|Tanji, Kenneth - UC DAVIS|
Submitted to: American Society of Civil Engineers
Publication Type: Proceedings
Publication Acceptance Date: March 10, 1996
Publication Date: N/A
Interpretive Summary: Drainage and runoff water from irrigation is usually lower quality than the water supply. This review paper highlights the impact of water conservation on water quality in irrigation return flows. The basic effect is the reduction in the quantity of pollutant being transported to a surface stream as a result of water conservation. This is demonstrated in several examples of improved irrigation water management. When the applied irrigation is reduced to near the crop water requirement less nitrate is lost to ground water because of the reduction in deep percolation. Improvements in furrow irrigation management that reduce sediment transport may result in increased deep percolation. Matching the deep percolation losses to the leaching fraction through improved irrigation management will reduce the load of salt tranported to ground water or to subsurface drains.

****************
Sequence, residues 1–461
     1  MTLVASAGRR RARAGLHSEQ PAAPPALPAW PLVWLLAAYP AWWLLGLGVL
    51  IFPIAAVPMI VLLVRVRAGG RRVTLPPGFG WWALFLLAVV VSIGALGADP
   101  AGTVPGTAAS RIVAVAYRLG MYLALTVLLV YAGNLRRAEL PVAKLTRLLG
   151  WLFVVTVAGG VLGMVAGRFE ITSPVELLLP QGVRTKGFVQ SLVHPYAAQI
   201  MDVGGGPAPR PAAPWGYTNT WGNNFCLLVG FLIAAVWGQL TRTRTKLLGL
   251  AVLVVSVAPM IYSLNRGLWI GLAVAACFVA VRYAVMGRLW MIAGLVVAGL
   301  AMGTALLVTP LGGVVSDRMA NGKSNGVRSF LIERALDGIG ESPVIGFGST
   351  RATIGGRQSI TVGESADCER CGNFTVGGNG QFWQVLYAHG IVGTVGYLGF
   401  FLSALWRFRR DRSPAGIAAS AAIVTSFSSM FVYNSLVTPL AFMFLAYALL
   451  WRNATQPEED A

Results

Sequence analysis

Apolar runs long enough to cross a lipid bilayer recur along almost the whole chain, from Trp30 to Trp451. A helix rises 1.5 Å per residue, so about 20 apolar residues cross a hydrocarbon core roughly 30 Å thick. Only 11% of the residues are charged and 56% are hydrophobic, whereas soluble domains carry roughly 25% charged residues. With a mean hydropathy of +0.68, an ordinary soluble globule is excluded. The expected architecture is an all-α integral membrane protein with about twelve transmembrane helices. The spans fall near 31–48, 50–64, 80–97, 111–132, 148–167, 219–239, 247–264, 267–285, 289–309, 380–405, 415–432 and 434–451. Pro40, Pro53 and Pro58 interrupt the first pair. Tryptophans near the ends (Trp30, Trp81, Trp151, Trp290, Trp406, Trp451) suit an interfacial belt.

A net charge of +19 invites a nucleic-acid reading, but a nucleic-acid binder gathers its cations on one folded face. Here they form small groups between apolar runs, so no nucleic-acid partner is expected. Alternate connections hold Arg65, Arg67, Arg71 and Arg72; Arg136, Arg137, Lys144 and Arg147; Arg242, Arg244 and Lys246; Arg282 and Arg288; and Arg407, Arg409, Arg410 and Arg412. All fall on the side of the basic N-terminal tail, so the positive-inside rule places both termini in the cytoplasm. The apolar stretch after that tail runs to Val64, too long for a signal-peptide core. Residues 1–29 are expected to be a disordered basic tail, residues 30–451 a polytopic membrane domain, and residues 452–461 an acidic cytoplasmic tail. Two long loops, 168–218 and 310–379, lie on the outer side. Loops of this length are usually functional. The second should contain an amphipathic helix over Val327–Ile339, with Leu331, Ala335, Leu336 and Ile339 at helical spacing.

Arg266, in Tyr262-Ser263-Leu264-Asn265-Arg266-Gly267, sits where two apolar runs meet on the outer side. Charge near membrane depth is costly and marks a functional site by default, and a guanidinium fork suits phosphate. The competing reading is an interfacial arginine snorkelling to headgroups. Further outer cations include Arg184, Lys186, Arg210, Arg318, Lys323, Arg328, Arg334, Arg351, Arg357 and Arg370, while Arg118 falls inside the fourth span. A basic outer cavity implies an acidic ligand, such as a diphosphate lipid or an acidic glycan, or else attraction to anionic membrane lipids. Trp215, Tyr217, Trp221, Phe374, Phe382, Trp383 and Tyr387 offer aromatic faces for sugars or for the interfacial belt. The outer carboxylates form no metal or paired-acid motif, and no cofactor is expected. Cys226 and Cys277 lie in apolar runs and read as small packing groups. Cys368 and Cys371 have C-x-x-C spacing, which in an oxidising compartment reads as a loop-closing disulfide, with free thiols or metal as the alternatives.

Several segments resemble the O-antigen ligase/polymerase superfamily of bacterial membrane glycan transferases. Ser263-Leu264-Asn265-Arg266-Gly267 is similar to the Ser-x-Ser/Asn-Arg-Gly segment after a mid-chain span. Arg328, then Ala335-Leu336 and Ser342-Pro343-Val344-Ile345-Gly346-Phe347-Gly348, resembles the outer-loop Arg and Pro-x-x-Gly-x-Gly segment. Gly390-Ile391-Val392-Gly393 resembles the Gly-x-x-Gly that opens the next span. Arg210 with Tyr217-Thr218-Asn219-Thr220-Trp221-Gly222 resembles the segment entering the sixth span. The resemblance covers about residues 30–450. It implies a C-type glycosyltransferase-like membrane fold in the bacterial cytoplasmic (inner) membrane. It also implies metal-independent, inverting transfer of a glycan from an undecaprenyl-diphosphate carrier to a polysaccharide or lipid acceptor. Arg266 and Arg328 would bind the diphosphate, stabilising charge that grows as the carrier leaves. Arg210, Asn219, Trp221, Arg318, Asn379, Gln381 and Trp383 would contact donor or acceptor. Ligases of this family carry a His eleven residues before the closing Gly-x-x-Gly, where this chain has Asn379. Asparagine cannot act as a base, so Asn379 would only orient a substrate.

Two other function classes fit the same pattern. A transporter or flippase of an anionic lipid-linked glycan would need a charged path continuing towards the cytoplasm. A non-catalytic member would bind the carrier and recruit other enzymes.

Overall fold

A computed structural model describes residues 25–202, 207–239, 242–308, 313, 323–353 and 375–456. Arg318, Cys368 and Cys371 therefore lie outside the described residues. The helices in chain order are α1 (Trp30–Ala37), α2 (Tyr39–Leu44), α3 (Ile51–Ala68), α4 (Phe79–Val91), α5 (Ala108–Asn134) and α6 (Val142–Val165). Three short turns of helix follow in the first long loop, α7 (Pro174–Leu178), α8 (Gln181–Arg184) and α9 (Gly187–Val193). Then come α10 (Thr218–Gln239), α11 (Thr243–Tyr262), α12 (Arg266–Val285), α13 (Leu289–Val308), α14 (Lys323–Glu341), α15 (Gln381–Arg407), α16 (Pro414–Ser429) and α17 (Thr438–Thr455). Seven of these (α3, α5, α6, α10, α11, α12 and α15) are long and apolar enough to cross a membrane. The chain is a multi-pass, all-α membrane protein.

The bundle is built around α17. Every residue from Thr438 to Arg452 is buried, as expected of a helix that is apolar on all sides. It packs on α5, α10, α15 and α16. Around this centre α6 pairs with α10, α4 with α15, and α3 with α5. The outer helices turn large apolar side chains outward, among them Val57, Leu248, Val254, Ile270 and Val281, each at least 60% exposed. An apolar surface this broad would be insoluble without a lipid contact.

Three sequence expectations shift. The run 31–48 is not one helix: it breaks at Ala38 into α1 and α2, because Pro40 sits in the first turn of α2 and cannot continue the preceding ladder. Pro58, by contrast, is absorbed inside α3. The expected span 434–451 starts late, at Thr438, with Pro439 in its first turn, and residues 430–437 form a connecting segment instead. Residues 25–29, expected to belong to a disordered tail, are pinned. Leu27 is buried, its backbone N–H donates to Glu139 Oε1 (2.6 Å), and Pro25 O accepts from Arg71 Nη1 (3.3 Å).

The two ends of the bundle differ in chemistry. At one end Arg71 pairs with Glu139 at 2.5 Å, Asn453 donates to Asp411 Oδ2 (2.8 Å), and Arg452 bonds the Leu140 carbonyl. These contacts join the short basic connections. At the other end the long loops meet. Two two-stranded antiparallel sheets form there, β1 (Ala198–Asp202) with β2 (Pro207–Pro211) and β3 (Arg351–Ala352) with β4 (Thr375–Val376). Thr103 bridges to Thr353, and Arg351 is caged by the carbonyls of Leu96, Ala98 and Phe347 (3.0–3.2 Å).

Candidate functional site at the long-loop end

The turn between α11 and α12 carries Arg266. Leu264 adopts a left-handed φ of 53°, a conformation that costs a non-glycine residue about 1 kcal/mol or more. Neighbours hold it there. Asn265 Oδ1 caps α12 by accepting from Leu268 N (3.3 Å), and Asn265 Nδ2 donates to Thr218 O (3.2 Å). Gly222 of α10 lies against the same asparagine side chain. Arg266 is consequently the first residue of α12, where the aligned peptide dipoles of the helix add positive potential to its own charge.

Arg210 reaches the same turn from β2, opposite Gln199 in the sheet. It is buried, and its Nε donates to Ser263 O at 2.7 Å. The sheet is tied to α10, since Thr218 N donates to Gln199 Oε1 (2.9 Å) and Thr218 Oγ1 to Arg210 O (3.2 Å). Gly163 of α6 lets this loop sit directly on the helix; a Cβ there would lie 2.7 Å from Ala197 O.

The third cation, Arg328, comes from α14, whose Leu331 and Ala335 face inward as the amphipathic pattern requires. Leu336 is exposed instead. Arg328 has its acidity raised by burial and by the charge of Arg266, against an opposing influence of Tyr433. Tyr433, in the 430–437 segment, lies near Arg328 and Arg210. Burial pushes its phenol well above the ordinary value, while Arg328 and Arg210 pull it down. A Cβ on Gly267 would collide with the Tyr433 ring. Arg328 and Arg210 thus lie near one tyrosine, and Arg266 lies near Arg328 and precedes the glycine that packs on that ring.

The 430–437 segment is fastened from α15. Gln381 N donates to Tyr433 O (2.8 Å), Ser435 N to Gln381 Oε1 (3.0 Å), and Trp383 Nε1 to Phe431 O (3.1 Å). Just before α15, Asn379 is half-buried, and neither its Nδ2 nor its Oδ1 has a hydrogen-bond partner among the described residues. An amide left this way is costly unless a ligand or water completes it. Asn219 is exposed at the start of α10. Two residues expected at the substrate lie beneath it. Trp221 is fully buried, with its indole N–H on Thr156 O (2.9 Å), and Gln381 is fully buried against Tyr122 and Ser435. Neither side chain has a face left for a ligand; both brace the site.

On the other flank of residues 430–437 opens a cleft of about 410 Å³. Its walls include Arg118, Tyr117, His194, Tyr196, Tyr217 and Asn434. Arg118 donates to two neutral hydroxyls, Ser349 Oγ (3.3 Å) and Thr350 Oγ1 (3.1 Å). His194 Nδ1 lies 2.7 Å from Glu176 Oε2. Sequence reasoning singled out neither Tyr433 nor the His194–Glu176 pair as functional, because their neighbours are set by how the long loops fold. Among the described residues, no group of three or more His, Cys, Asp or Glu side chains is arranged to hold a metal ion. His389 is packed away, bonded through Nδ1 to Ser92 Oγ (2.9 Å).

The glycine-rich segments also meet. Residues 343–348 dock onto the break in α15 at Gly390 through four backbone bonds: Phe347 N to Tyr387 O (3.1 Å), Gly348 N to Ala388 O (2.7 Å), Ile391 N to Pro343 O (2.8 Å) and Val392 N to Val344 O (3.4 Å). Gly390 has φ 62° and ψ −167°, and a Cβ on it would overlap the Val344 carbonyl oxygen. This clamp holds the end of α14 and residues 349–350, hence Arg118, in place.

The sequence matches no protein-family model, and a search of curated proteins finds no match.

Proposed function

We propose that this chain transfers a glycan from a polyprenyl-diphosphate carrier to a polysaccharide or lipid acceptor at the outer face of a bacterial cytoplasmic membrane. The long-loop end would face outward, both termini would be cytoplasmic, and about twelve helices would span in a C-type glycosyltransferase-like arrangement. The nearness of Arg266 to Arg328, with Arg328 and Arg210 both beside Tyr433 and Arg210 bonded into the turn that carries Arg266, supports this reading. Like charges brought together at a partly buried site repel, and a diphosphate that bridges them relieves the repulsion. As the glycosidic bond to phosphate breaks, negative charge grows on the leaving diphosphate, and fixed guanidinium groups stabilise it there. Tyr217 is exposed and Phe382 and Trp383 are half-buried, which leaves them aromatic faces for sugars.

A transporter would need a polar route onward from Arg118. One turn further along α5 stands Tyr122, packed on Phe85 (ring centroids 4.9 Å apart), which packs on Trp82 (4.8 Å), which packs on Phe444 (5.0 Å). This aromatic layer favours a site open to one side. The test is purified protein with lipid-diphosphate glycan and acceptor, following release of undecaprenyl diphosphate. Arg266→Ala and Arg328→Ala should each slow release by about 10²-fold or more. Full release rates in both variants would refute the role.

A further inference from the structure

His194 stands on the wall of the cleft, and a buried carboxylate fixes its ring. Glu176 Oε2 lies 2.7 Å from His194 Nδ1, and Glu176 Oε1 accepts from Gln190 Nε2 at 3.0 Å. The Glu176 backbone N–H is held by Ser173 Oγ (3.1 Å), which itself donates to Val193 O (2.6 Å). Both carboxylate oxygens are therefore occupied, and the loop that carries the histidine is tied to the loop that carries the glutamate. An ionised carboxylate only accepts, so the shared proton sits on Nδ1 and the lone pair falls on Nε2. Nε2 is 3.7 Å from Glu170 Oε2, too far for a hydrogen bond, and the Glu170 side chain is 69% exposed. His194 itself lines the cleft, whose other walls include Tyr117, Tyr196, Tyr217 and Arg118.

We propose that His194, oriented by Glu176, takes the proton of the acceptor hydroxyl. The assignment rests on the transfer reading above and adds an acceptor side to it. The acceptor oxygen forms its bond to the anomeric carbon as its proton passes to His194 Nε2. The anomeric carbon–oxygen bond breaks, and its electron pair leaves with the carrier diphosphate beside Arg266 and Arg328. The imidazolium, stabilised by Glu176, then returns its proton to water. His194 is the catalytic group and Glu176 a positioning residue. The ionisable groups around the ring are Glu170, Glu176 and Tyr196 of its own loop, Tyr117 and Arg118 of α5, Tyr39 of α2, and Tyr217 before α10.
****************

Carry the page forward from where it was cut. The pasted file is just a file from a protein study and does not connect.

Technical Abstract: Use of water for irrigation will result in the degradation of any water returning to the river system. The impact of conservation on water quality will depend on the site and use of agricultural water. Data from an experiment on the irrigation and fertilization management of corn demonstrated that nitrate transport by deep percolation was reduced when the applied irrigation matched the crop water requirement. Lysimeter experiments which evaluated salt transport as a function of leaching fraction demonstrated that the salt load was reduced as the leaching fraction was reduced even though the salt concentration in the leachate was highest for the lowest leaching fraction. Reducing sediment transport in furrow irrigation can be achieved by reducing tail-water runoff. However, methods to accomplish the reduction in tail-water can result in increased deep percolation. Each of these examples demonstrates that the impact of water conservation is to control the load of pollutant being transported. This is true for both surface and subsurface water.